When international travel became more of my focus, I started using my American Airline cards. Thanks to the American Airline Miles I earned, my one way ticket from Chicago to Bangkok cost me $26 with taxes and fees! I also used American Airlines miles to fly back to Las Vegas from Amsterdam in 2016 and from Las Vegas to London in 2015.
The only card I use now is Chase Sapphire, like I said before, it has the most international options and no foreign transaction fees! I used my Chase Rewards Points to book three flights within Asia, a hotel room in Chicago, and I still have thousands of points!
If you plan to be out of the country for any length of time, or if you often find yourself using ATMs not affiliated with your bank, you must get a Charles Schwab bank account! At the end of the month they REFUND ALL ATM FEES! This means the $12 USD I got charged for withdrawing pesos in Mexico was refunded! And the ฿220 ($7 USD) charged to withdraw baht in Thailand, refunded! Thank you Charles Schwab!
Note: Withdrawing local currency from an ATM offers a better exchange rate than currency exchanges! It doesn’t make sense not to have an account at this bank!
People often assume that traveling long term costs more money. In fact, the opposite is true! Traveling slow allows me to eliminate a lot of costly conveniences and bad decisions. This really came to light while traveling with my friend in Singapore and Thailand. Because we were short on time, we took flights instead of trains, cabs instead of buses, paid for an express laundry service, and settled on nearby pricey restaurants when street food or markets weren’t readily available.
With more time I can opt for local transportation at a fraction of the cost of the tourist track. Public transport is often much slower, but even if money wasn’t a factor, I would still take it. There is something special about navigating a foreign city or country by public transit that adds to the overall experience.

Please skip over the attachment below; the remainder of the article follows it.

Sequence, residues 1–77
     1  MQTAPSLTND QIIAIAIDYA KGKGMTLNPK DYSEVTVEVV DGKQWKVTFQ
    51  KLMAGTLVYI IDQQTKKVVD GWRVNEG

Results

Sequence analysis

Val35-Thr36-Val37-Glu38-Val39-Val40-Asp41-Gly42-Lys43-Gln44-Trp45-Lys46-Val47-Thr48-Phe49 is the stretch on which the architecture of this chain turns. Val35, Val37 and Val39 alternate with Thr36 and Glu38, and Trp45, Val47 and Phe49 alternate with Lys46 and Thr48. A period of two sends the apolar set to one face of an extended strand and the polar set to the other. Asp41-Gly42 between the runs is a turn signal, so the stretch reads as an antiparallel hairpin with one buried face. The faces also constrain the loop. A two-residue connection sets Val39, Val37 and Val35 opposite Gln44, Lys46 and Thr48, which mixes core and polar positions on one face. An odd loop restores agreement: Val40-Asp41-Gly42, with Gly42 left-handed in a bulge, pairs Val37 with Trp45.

Because I often stay in the same place for several days, I can either do my own laundry or pay less for a slower service.
When I am on my own, I always opt for the less expensive street food or local restaurants- even if I have to chase them down. This is another thing I would continue to choose even if money wasn’t a factor.
We also packed in a lot of tours to make sure she did and saw everything she wanted to before she left. Not only do organized tours increase expenses, an over packed schedule leads to costly impulse decision making- like eating snack food and drinking sugary drinks. This turns into an endless cycle of moving, wanting and spending.
Short term travel has a YOLO factor. Every overpriced this or that or junk food item is justified with “Oh well, I’m on vacation!” because there isn’t time to search for other options. As a long term traveler every cost cutting angle I find makes me think about how much longer I’ll be able to travel for! I actually get annoyed when I take the more expensive shortcut. Which is good because YOLO decisions are not sustainable in the long term!
Volunteering or working on the road can get a good chuck of time covered financially. I went to a Yoga Retreat in Chiang Mai for 4 nights and wound up staying there as a volunteer for an additional 10 days. In exchange for doing the dishes, helping with the compost and assisting with social media marketing, I received free accommodation, 3 meals per day and 4 hours of guided yoga and meditation per day!
Workaway, a website facilitating volunteer, work, and cultural exchange opportunities, is a great way to cut costs on the road! I haven’t used the website yet but am signed up and keeping my eyes out for opportunities in Southeast Asia!
Cutting Expenses, Bills & Debt at Home
Another HUGE factor that people often don’t think about is expsenses, bills and debt from home. They try to apply my lifestyle to their current financial position. It doesn’t work.
I have zero debt. Part of why it took me two years to leave is because I paid off all of my school loans and credit card debt. Currently, I have two bills- my cell phone, which is about $50 a month, and a life insurance policy that cost $98 a month. That’s it! (As I write this I’m tempted to find a way to eliminate those expenses as well!)
Note: I am American so the advice on credit cards and banking may not be applicable in other countries.